Our Blog

BY petevanepps

JMO Feedback :: November 2014 Career Conference

After every Career Conference, we ask the JMOs who participated to give us specific feedback on their overall experience in the Cameron-Brooks program.  We do this to ensure that we are constantly evaluating our program, which enables us to provide a valuable service, both to the Military Officers and the Client Companies with whom we partner.  We have also found that one question, in particular, is also beneficial to those officers who have not yet transitioned.  Here is the question and a sample of the individual responses we collected from the November 2014 Career Conference.

Now that you have attended a Career Conference, what specific preparation advice would you give to other Junior Officers to help them succeed at a Conference?

  • First, be very familiar with your answers to commonly asked interview questions, but do not prepare lengthy canned answers that you plan to recite.  In an interview, listen to the question, understand it, and answer it with confidence. You must be able to connect the position competencies with your background and experiences.  Next, practice with a study group, or anyone who can give constructive feedback. Finally, be genuine! Let your personality come out so the companies can see the real you.
  • Do not plan to recite answers in interviews at the conference. My interviews were more like a conversation.  Remember to be genuinely friendly and likable. People would rather hire someone they like and train them than someone they dislike who knows it all.
  • Take every opportunity offered by Cameron-Brooks to maximize your preparation. Complete the entire DPP, read all of the books on the reading list, attend all of the workshops, and engage with a local study groups early. All of this is paramount to your success.
  • Read, read, read – as much as you can, read! Also, spend time making sure you know yourself by writing out as much as you can about your past and what makes you unique. Even the smallest, interesting thing about you could be a great connecting point. Practice telling stories – not just delivering answers. Think about connecting those stories to the roles you will interview for – this will allow a company to see you in the job.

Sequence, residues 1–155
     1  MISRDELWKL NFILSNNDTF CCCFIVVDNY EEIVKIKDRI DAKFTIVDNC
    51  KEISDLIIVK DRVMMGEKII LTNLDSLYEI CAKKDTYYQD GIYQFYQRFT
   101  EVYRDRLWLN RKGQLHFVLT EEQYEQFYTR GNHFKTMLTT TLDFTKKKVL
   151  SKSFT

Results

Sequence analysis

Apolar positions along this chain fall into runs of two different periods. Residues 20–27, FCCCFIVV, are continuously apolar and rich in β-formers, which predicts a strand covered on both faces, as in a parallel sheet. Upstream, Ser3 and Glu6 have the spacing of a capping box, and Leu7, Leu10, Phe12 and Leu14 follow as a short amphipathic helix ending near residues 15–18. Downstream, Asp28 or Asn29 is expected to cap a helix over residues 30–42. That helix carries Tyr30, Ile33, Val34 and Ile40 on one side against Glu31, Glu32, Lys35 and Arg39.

• I really appreciated the self-reflection and exercises that help me get to know my strengths and weaknesses. I’ve learned so much about myself from the DPP and the Career Conference. Tab 5 of DPP, of course, was extremely valuable.
  • Study groups really help. It was my study group that encouraged me to be myself and worry less about getting the interview question “right”, which ultimately led to success at the conference.
  • RELAX and be confident in yourself. If you have prepared and followed the DPP, then you will be successful. No need to stress this experience, enjoy it!
  • Work up to Tab 5 early so that you put the rest of the tabs and modules in context.
  • Definitely set up a study group about two months before the conference.
  • Be ready to interview when you arrive at the conference on Friday. There will not be much practice time at all throughout the weekend. Relax and enjoy yourself, make this a fun, unique experience and it will flow over into your interviews.
  • Get into a study group early and practice more than you think you need. Study groups gave me the best preparation.
  • Dive head-first into the reading list in order to learn about different career fields and to discover your interests and strengths.
  • Work through the DPP as early as possible and get to the podcasts so you can start writing answers with the right framework, then practice them with your study group far in advance of the conference. Realize that you probably won’t execute an answer exactly the way it is written, but you won’t be able to execute anything well if you haven’t taken the time to prepare and learn the answers. Practice without looking at your notes first to see how much you retain day to day, then check yourself after you finish each question with your team.
  • Join a study group immediately. Conduct mock interviews with the Cameron-Brooks recruiters more than once and, if possible, try to visit the Cameron Brooks office in Texas. Also, watch/listen to the Interview Podcasts more than once!
  • Working with study groups and answering questions in a conversational manner is the number one thing I would stress. Often times the interviewers don’t ask specific questions so during a conversation, you have to find a way to express why you are a fit for the position and company.
  • Start early and do a little bit of preparation every day. Study groups are vital and I recommend increasing in volume of meetings the closer you get to your conference.  I also highly suggest attending the conference with a spouse/significant other. That person can help you by focusing on logistics and other issues, which greatly helps.
  • I strongly recommend reading PCS to Corporate America at least 3 or 4 times, if possible. Also, work in a study group at least 60 days out from your career conference. My study group was extremely helpful in the verbalization of answers 45-days prior to the conference. We even did a round-robin, full-dress rehearsal interview with each other’s spouses/significant others the weekend prior to the conference. This helped build effective expectation management for the interviews and helped to calm my nerves prior to touching down at the conference.

Hopefully this feedback will give you good perspective and more focus in your preparation as you approach your Career Conference.

Pete Van Epps